“I see an America with a growing middle class, with rising standards of living. I see children even more successful than their parents – some successful even beyond their wildest dreams – and others congratulating them for their achievement, not attacking them for it.

“This America is fundamentally fair. We will stop the unfairness of urban children being denied access to the good schools of their choice; we will stop the unfairness of politicians giving taxpayer money to their friends’ businesses; we will stop the unfairness of requiring union workers to contribute to politicians not of their choosing; we will stop the unfairness of government workers getting better pay and benefits than the taxpayers they serve; and we will stop the unfairness of one generation passing larger and larger debts on to the next.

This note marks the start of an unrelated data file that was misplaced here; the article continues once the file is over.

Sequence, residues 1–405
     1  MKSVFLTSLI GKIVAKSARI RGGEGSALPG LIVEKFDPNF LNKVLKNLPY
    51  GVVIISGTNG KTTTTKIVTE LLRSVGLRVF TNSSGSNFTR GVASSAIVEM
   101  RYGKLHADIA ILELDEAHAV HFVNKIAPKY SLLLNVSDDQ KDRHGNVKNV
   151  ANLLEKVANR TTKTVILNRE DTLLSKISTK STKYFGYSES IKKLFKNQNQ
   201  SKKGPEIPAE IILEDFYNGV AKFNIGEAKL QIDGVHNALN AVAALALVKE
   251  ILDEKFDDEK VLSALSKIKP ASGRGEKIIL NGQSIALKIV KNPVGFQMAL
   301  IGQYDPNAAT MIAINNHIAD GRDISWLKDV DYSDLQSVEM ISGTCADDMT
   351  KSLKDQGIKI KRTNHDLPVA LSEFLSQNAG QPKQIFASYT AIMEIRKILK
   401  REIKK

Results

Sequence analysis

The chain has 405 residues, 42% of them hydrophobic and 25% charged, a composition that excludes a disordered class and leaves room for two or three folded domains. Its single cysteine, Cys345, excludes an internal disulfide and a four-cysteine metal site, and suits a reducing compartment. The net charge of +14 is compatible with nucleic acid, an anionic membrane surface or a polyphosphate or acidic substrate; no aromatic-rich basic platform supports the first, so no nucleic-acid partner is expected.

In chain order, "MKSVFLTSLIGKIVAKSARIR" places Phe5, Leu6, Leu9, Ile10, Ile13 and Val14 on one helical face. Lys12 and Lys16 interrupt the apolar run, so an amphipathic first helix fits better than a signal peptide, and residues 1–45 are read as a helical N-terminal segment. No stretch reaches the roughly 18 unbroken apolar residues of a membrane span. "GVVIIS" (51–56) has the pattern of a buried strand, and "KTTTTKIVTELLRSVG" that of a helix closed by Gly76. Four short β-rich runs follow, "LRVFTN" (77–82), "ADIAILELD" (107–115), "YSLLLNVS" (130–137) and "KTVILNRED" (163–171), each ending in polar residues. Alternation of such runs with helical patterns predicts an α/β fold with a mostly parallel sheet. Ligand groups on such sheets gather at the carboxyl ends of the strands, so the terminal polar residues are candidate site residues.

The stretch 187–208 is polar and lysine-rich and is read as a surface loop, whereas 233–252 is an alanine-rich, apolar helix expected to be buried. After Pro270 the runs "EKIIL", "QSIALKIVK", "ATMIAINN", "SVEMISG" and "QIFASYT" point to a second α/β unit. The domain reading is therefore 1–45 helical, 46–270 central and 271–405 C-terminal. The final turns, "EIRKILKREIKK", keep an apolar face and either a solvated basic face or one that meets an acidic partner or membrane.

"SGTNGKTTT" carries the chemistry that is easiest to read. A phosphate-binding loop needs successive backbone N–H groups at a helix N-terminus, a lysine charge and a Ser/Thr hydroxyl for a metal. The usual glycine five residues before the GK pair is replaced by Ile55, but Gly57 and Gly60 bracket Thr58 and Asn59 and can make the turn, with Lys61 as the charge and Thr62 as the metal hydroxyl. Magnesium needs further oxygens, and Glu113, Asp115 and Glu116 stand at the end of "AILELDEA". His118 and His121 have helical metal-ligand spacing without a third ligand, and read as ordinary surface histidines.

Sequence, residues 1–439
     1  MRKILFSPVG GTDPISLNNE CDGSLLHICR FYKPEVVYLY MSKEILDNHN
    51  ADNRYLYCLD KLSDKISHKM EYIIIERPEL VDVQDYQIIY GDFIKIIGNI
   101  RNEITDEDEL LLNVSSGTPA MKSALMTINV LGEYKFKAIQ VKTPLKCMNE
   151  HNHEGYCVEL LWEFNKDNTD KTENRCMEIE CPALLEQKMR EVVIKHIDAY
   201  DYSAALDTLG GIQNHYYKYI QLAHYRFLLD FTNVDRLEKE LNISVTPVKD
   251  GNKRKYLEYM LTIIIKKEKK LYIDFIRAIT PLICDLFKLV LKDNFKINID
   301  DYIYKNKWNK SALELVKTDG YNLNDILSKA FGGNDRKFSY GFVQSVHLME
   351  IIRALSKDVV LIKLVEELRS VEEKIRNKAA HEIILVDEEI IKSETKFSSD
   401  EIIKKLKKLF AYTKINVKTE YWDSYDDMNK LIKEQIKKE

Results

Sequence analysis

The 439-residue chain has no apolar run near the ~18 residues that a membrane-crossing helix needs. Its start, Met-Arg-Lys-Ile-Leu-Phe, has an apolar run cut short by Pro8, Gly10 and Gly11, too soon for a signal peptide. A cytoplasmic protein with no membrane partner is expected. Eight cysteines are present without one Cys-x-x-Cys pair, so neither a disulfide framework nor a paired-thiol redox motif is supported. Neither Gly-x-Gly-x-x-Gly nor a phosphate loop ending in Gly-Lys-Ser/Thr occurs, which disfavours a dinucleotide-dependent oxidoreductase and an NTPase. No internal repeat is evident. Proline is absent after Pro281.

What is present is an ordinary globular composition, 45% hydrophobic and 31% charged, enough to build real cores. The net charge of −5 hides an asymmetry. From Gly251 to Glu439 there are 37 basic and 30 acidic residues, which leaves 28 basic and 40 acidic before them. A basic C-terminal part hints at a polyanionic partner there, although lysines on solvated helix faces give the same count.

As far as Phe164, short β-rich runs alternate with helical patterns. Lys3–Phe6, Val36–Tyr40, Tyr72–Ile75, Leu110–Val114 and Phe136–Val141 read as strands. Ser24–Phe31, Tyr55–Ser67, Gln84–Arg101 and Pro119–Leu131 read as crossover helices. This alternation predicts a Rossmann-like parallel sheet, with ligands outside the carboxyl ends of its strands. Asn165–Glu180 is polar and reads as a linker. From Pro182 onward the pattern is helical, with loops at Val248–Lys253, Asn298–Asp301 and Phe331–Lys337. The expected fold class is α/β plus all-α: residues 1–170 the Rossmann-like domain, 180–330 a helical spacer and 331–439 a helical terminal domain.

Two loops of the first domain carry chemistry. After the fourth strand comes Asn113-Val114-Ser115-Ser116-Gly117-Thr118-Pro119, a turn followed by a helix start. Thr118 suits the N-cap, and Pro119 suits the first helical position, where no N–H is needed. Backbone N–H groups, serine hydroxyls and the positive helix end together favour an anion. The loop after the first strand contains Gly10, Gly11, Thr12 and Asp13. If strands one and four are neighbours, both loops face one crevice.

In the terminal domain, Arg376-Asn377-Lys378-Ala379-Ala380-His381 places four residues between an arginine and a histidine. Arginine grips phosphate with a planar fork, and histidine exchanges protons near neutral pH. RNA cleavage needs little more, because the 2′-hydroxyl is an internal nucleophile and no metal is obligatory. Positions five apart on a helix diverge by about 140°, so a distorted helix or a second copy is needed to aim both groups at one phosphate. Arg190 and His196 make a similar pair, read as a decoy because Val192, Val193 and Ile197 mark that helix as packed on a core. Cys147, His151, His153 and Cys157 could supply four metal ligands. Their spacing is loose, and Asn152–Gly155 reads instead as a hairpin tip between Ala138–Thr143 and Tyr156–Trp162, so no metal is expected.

“In the America I see, character and choices matter.  And education, hard work, and living within our means are valued and rewarded.  And poverty will be defeated, not with a government check, but with respect and achievement that is taught by parents, learned in school, and practiced in the workplace.”

Nobody can disagree with the importance of fairness, rising salaries, growing middle class, small business, education and hard work, etc. In fact, President Obama has been talking about these for years. These are the values that Mitt Romney espoused last night in his kickoff speech as presidential nominee for the GOP. Not enough delegates yet, but everyone else is dropping like flies except Ron Paul. Romney’s basic problem with his speech is no explanation of how he would accomplish these laudatory goals.

Romney’s speech could be summed up in one statement: “Vote for me: I know America is a great country.”